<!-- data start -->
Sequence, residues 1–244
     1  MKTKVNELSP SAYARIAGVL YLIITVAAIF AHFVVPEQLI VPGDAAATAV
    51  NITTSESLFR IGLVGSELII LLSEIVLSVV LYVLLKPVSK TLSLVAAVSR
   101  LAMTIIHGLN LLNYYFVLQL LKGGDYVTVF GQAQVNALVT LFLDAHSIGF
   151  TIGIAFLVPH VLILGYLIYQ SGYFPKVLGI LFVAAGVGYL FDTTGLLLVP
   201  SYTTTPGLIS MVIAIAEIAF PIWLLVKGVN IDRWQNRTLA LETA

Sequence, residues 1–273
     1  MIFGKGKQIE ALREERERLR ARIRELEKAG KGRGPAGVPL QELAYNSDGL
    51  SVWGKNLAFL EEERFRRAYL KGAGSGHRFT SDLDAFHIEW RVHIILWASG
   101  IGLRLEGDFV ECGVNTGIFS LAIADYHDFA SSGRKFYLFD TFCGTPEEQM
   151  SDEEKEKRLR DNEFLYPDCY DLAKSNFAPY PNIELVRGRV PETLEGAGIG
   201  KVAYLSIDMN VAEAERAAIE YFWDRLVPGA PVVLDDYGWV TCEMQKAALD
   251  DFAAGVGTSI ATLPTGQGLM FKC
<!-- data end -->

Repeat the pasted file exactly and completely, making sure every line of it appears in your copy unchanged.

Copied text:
Sequence, residues 1–244
     1  MKTKVNELSP SAYARIAGVL YLIITVAAIF AHFVVPEQLI VPGDAAATAV
    51  NITTSESLFR IGLVGSELII LLSEIVLSVV LYVLLKPVSK TLSLVAAVSR
   101  LAMTIIHGLN LLNYYFVLQL LKGGDYVTVF GQAQVNALVT LFLDAHSIGF
   151  TIGIAFLVPH VLILGYLIYQ SGYFPKVLGI LFVAAGVGYL FDTTGLLLVP
   201  SYTTTPGLIS MVIAIAEIAF PIWLLVKGVN IDRWQNRTLA LETA

Sequence, residues 1–273
     1  MIFGKGKQIE ALREERERLR ARIRELEKAG KGRGPAGVPL QELAYNSDGL
    51  SVWGKNLAFL EEERFRRAYL KGAGSGHRFT SDLDAFHIEW RVHIILWASG
   101  IGLRLEGDFV ECGVNTGIFS LAIADYHDFA SSGRKFYLFD TFCGTPEEQM
   151  SDEEKEKRLR DNEFLYPDCY DLAKSNFAPY PNIELVRGRV PETLEGAGIG
   201  KVAYLSIDMN VAEAERAAIE YFWDRLVPGA PVVLDDYGWV TCEMQKAALD
   251  DFAAGVGTSI ATLPTGQGLM FKC